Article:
Henoko seabed survey on hold for month

U.S. Marines' Camp Schwab in Henoko is the proposed site of the MCAS Futenma replacement facility.

U.S. Marines’ Camp Schwab in Henoko is the proposed site of the MCAS Futenma replacement facility.

The fight between the central government and Okinawa Prefectural government over the landfill preparation work for the Furenma replacement facility off Henoko was obviously getting a bit too hot to everyone’s liking, so the central government in Tokyo has decided to suspend the seabed drilling survey in the area for a month starting Monday.

Chief Cabinet Secretary Yoshihide Suga announced Tuesday the suspension of the work in order to help ease the strained relations with the prefectural government and give both sides time to hold intensive negotiations.

At the same time, Suga was quick to make perfectly clear that the suspension does not mean anything with the government plans has changed. “The suspension of the project does not represent a change of the government policy, but is intended to give us time to fully explain our thinking to Okinawan authorities,” Suga stressed. He added that the government side is also willing to hear the opinions of the Okinawa side.

Okinawa Governor Takeshi Onaga was quick to respond announcing the same day that his government would not take measures to block the landfill project during the one-month period, meaning he will not cancel the landfill approval for now, as he was prepared to do.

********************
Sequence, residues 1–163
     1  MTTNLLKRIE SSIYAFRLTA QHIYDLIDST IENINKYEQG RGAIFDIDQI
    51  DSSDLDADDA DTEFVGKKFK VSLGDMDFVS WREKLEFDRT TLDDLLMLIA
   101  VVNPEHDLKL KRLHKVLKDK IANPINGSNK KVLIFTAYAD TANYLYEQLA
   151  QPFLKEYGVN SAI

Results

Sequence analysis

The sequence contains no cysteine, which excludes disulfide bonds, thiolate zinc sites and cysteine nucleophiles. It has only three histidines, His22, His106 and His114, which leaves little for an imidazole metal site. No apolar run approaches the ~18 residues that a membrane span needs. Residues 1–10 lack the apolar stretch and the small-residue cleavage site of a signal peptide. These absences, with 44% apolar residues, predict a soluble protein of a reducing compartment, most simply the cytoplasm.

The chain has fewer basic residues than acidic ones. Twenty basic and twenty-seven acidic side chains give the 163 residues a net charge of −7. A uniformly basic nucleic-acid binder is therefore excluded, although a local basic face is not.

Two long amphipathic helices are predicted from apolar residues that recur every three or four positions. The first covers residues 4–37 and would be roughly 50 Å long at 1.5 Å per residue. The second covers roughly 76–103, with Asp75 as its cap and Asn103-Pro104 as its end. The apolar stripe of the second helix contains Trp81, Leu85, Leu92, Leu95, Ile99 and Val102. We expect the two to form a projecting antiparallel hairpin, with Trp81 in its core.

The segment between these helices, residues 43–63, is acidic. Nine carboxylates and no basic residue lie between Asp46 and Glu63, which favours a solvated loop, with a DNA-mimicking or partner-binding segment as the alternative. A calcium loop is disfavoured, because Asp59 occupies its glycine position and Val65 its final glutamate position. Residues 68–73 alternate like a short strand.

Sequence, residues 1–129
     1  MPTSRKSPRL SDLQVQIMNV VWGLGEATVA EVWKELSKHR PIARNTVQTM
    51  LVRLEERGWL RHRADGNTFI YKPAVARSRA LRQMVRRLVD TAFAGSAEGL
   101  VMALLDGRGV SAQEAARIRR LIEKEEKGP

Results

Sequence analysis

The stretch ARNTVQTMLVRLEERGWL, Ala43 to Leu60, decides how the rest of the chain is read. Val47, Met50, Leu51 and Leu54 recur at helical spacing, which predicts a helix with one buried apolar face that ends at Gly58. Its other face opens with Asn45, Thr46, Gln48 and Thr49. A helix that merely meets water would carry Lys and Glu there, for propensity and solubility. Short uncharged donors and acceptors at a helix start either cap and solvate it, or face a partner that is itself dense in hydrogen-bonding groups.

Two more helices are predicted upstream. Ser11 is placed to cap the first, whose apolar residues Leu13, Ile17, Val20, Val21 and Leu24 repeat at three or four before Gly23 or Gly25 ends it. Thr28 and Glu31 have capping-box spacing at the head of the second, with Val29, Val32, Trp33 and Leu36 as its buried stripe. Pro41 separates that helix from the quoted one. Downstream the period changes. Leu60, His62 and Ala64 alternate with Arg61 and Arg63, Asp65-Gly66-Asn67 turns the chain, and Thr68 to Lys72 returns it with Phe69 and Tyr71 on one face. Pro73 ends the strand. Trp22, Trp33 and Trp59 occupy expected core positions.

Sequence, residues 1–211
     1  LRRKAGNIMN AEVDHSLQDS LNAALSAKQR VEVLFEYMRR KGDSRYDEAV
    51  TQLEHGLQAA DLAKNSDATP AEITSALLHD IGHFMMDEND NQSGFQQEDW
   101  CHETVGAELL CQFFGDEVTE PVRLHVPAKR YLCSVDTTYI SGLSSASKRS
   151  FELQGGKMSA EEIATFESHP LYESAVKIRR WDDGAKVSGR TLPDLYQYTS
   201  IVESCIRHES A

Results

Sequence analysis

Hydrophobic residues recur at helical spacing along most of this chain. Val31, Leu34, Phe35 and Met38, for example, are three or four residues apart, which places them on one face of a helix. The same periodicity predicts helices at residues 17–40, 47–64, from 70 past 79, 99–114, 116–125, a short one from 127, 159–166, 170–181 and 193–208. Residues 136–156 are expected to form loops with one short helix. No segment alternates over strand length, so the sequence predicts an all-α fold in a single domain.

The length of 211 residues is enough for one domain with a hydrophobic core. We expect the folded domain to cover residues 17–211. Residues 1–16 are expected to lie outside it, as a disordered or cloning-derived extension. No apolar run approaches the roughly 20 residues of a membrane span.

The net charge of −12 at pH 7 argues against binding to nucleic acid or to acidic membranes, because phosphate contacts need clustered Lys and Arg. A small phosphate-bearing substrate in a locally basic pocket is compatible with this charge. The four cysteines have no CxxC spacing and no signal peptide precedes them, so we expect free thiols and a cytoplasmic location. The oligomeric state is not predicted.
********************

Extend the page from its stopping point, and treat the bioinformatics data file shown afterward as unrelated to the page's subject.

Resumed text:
During a news conference in Tokyo, Suga said he would visit Okinawa in August to exchange opinions with Onaga. Prime Minister Shinzo Abe is also scheduled to meet Onaga Friday to again explain his government’s position on the base relocation plan.

As an extra goodwill gesture, Suga said that the central government would make arrangements with the U.S. military to allow the prefectural government officials to make environmental inspections within the restricted area off Henoko. Okinawa officials suspect that the reefs were damaged during the earlier survey work, but have not been allowed to inspect the possible damage.

On his part, Onaga wows to stick to his guns. “I will make it clear again during the upcoming discussions why it’s impossible to relocate the Futenma functions to Henoko.” He added that he is sure he and the central government can forge a mutual understanding on the matter. “I will spare no effort to achieve that,” Onaga said.

  • Chrism

    They say the landfill project damages coral. But what donthey do when they reclaim land and build resorts. Hypocrites every last one of them

    • Steve

      Just get out of Okinawa!

06:16 01 Mar , 2024